In this interview, Ben West discuss the founding of Joy Line Homes, a company that offers affordable housing solutions in the San Francisco Bay area. West shares his personal story of overcoming health challenges and finding a new perspective on life, which led him to start a company that aims to make a positive impact in the world. Joy Line Homes offers modern, customizable manufactured homes at a significantly lower cost than traditional construction methods. The company’s goal is to provide affordable housing options to people who are struggling to find suitable homes in the expensive Bay area market. West also discusses the process of designing and building a Joy Line home, as well as the potential for accessory dwelling units (ADUs) in the market. The episode concludes with information on how to contact Joy Line Homes and access additional resources.
Hello and welcome to episode number 50 of the Beta Bay Podcast. Wow, it’s episode 50. I can’t hardly believe it. It is amazing. iTunes is littered with hundreds or thousands or tens of thousands, maybe even hundreds of thousands of podcasts where there’s only like 10, 20 episodes, something like that. But here we are, episode 50. Now, I’d wanted to do an episode every week. That’s just not possible, but I’ve been doing at least maybe one a month or two a month, and I’m going to keep on doing them as I meet people who are really interesting and have stories that I want to share with the wider world. So for episode 50, I’m very pleased to have Ben West as my guest to now Ben is the founder of a company called Joy Line Homes, and they have an amazing product that solves the really pressing problem for so many people in the greater San Francisco Bay area in California and many other places in the world, which is the cost of housing.
It is ridiculously expensive to build housing, even affordable housing, whatever that means here in the area. But Ben West of Join Line Homes, they have an amazing solution and it really is just going to blow you away. And listen, if you are listening to this podcast, make a note to when you get in front of a computer, go to Beta Bay podcast.com, find the show notes for episode 50, and embedded into the show notes is a video of the home where we did this interview. The Homa is presently for sale in Aptos, California, and it is just stunning. It’s amazing, and just go check it out. It’s going to blow your mind. The kind of product that Joy Line Holmes is putting out now, that product, the actual house house like installed and on the dirt and all that, 150 bucks a square foot, which is amazingly cheap for our area where construction costs average about $417 a square foot. So I’m really excited and happy to see this kind of innovation happening here in Santa Cruz. Well, there’s all kinds of amazing innovation happening in and around Santa Cruz and the Greater Sanco Bay Area, kind of known for that. Listen, enough about that. Why don’t you just do me a favor, sit back, relax, and listen to what Ben West has to say.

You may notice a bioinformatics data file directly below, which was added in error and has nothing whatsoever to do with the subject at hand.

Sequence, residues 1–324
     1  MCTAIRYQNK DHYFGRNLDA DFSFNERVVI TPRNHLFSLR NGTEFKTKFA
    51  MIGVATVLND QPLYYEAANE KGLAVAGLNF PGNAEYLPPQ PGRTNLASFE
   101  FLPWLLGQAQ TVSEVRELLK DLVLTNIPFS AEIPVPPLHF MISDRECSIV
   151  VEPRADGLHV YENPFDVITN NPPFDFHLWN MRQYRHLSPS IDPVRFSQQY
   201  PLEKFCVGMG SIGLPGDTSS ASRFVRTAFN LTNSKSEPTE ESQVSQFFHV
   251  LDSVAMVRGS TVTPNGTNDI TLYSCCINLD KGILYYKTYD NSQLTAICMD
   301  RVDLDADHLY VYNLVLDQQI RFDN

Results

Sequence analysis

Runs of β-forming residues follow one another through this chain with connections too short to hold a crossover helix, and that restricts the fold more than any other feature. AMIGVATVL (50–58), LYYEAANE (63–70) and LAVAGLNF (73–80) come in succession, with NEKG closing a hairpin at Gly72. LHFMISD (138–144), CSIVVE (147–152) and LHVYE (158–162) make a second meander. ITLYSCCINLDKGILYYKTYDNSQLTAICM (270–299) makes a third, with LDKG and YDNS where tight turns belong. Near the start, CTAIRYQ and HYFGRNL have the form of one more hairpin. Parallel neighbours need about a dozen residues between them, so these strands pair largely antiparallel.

Alright, Ben. Hey, how are you doing? Good, good, good. Thanks you for having me on your podcast. I’m really stoked that you’re on our podcast. So Ben, when I start off my podcast, I like to have my guests tell me a little story, just us an idea of who you are and what you’re about. Do you have any little story you can share with us? About 10 years ago, 10 years ago, I had a really bad reaction to medication and I started quite a few companies throughout my life and I was just not treating myself real well and really stressed out. And I split up taking a break and maybe doing some yoga and stuff, trying to power through it. I got on some medications that were just wrong, had a super crazy long battle of about seven years of my immune system being thrown off.
I spent three years in bed during the beginning of it. I was in so much pain from my immune system being thrown off from this medication. It was the craziest thing I’ve ever gone through, and I’m very happy I’m here today. I’m shocked I’m here today because at times I wanted to end my life, not because I was unhappy. I wanted to live. I was very driven to still live. I was in so much pain. I even went to the Mayo Clinic in Rochester, Minnesota trying to find answers to what I was going through. God said, just get off all medication that you’re on right now. Just get off all of it and if you still feel gross, you can do whatever you want to do. So I got off the medication and over a year’s time I started going back to normal and I was myself. It’s hard again when you’re in those situations to gain perspective and looking back, I shoot myself like, why did I let that happen to myself? Why did I understand what was happening to me? It’s different when you break a leg and you’re in